Interesting meal at Osteria Ciceria e Tria
Although we were meant to be eating at Black Hoof last night, a quick call to the restaurant last week confirmed that they were not open on Wednesdays, so a reservation was placed at Osteria Ciceria e Tria. A week later, I arrived at Osteria Ciceria e Tria to find my father simmering over his lost reservation and being ignored by staff. It takes quick a bit to make my father "simmer" but I hoped that it was just a hiccup in an otherwise soon-to-be-pleasant evening.
However, it was the beginning of one of the strangest / most "interesting" meal experiences I've had in Toronto. The restaurant was heaving, with a large communal table down the middle of the restaurant that was full, and many 2 and 4 tops dotted around the place, also full. Once our reservation was "found" (or we were accommodated, one or the other) we were ushered to a very tight squeeze table which necessitated my poor Dad trying to figure out what part of his anatomy to offend the diners next to us with. It was CLOSE. We were left with the menus, no explanation of concept, offer of water etc. That would normally be fine, but the menu proved to prompt some questions (i.e. the antipasti had no prices) so it would have been helpful.
The menu was paper and labelled with date, and we arrived at 6.30pm, so I assumed that the short (very short) menu would be accurate. Not so.
After our lovely yet new server opened our bottle of wine ("I'm learning how to open wine" she explained as she struggled) I asked about the antipasti. She explained that you order the whole thing and you get some of each of the five antipasti listed on the menu. Fine, we ordered for two people.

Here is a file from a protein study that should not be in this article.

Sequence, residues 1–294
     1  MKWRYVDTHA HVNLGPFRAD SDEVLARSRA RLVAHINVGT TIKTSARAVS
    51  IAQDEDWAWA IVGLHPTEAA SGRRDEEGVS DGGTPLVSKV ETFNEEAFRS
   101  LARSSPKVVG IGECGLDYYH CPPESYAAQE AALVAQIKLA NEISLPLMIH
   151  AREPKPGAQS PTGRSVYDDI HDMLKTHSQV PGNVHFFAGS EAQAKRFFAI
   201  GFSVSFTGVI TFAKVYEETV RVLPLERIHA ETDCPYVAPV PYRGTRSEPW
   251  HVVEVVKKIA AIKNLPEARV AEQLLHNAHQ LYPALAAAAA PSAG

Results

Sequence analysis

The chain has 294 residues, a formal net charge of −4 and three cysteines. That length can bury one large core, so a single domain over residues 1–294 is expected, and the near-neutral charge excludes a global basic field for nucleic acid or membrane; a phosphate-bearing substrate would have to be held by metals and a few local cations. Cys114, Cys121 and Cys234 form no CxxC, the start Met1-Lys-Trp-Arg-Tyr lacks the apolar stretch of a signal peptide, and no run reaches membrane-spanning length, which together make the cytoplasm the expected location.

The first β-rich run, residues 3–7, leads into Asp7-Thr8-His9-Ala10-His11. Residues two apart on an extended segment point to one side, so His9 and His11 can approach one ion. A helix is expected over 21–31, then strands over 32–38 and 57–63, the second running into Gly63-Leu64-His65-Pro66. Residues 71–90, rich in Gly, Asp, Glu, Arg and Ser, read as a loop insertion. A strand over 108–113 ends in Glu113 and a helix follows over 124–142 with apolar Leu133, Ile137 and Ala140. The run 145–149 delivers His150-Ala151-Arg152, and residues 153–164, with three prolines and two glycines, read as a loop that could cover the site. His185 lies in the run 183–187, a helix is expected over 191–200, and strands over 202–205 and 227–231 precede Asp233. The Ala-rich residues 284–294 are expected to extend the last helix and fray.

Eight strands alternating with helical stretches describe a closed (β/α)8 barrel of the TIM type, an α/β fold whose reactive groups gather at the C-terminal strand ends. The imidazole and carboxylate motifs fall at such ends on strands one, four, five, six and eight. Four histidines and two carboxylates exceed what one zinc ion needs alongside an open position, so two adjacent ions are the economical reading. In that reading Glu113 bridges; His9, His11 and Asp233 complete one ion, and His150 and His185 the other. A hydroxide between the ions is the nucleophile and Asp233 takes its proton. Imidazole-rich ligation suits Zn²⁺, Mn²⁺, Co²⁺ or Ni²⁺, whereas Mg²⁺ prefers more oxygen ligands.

I have a mussel intolerance and was a little disappointed to see three (and I believe actually on recall, four) dishes on the VERY short menu had mussels...two of the dishes in the antipasti had mussels included. Never mind I thought, I'll have some of the remaining three dishes. Unfortunately, we were only brought three dishes total...eggplant and beef meatballs in tomato sauce (pleasant, strange texture, acidic tomato, lukewarm which may be the way it is served so I'm not complaining), mussels in a broth (can't comment personally on the preparation), and some salami, some focaccia, and "something else" that was bready and cheesy. The mussels and the meatballs were on the menu, the third dish had half of it's ingredients on the menu, and the other two dishes (a potato and vegetable something or other, and a mussel and tiger shrimp dish) never appeared. Ttwo of the five mussels were eaten by my Dad before he pushed them away. I asked him to please continue as I wouldn't be indulging, but he said they were undercooked for his liking.
Now, at this point we should definitely have asked some questions, I know that. At the time, the whole thing was just so...strange...that we didn't question. It was very much a "eat what they give you" type of place.
The primi had four (or five...memory doesn't serve) offerings, and I chose the Baked Risotto with parmesan and mushrooms. It came out beautifully, and was absolutely delicious. Never one to complain about cheese, I indulged in the rich dish. My father mentioned that it was too rich for his taste but no-matter...it was superb.
Dad went straight to Secondi, with three offerings, fried cod, steak, and another mussel based dish. Dad had the steak which came in five smallish slices, jewel-red rare and appearing seared. I would have mistaken it for Ahi Tuna if I hadn't known better. As he wasn't asked how he wanted it cooked (something we realized as soon as the dish arrived) it was a shade too rare for his normal order, but he proclaimed it delicious..."if only it was three times the size" he smiled wistfully.
His steak came with a side and he ordered the dandelion salad, which was very "meh".